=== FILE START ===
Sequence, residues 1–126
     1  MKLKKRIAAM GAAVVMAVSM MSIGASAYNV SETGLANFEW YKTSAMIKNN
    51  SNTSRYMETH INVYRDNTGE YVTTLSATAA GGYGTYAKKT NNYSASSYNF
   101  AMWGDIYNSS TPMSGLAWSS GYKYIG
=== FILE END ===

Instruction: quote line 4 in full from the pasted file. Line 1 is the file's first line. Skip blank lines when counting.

   101  AMWGDIYNSS TPMSGLAWSS GYKYIG